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Movement of particle

  1. Aug 18, 2012 #1
    For a particle to travel from point A to point B at the smallest scale, is there a distance in which the particle has to teleport since its shape doesn't change. Let's say the distance it travels is 0.0000000001, but the particle still need to travel that distance without it being 0.
     
  2. jcsd
  3. Aug 18, 2012 #2

    mfb

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    A particle does not have a shape, and it does not teleport around. Why do you think it has to?

    And with a speed of 0.0000000001, it will reach the target in time 1 (add dimensions if you like).
    Where is the relation to quantum physics?
     
  4. Aug 18, 2012 #3
    well, I'm wondering what the smallest traveling distance is.
     
  5. Aug 18, 2012 #4
    Hey fred:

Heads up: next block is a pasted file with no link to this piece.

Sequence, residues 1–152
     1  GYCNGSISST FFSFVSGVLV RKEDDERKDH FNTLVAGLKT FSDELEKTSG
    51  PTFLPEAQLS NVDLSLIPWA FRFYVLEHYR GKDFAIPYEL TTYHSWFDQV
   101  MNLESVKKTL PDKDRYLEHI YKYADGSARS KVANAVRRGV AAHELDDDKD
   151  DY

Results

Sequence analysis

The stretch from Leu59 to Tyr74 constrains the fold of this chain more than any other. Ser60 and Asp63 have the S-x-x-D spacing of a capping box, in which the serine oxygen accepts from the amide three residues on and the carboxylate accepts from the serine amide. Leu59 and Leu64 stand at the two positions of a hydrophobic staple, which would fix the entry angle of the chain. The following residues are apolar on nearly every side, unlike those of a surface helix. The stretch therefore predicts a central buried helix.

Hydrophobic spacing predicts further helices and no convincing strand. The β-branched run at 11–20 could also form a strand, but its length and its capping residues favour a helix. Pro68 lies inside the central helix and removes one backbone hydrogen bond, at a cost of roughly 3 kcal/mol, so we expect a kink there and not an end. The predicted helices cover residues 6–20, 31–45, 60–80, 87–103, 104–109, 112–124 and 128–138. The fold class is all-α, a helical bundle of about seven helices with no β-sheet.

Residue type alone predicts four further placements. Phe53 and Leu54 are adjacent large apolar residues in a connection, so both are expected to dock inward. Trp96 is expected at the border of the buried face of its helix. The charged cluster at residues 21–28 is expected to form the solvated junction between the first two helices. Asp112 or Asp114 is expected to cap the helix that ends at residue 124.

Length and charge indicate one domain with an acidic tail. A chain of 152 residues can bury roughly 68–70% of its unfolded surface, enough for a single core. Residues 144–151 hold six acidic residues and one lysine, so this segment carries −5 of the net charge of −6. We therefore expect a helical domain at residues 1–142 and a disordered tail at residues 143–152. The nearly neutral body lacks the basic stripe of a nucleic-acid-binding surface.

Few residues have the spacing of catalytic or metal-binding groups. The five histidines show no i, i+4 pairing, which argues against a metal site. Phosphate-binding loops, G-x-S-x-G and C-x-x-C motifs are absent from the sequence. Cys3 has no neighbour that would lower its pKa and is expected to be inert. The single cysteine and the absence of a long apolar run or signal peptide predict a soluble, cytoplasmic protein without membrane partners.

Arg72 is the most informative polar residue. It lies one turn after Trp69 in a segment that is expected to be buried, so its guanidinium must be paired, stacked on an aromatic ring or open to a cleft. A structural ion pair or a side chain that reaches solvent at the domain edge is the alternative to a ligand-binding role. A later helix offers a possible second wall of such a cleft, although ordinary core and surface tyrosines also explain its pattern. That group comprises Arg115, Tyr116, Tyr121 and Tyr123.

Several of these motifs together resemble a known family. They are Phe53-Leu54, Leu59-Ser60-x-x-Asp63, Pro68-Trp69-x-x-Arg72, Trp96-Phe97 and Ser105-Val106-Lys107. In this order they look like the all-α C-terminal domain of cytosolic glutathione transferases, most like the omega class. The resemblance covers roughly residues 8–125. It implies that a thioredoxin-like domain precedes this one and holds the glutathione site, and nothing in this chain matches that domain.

It is believed the smallest distance is around Planck scale, about 10-33 cm.

    At this distance chaotic quantum foam seems to begin to destroy traditional space,time, mass,etc....quantum field theory begins to break down.

    Like when wind blow the tops off waves, called spume, the froth obscures the interface......where does the neat divide between air and water go??

    You can read in Wikipedia "Planck scale".....

    Just how far a particle must 'move' depends on your particle model and environment: The Standard Model posits point particles; Heisenberg uncertainty is also a factor and the Pauli exclusion principle may also be a limiting factor.
     
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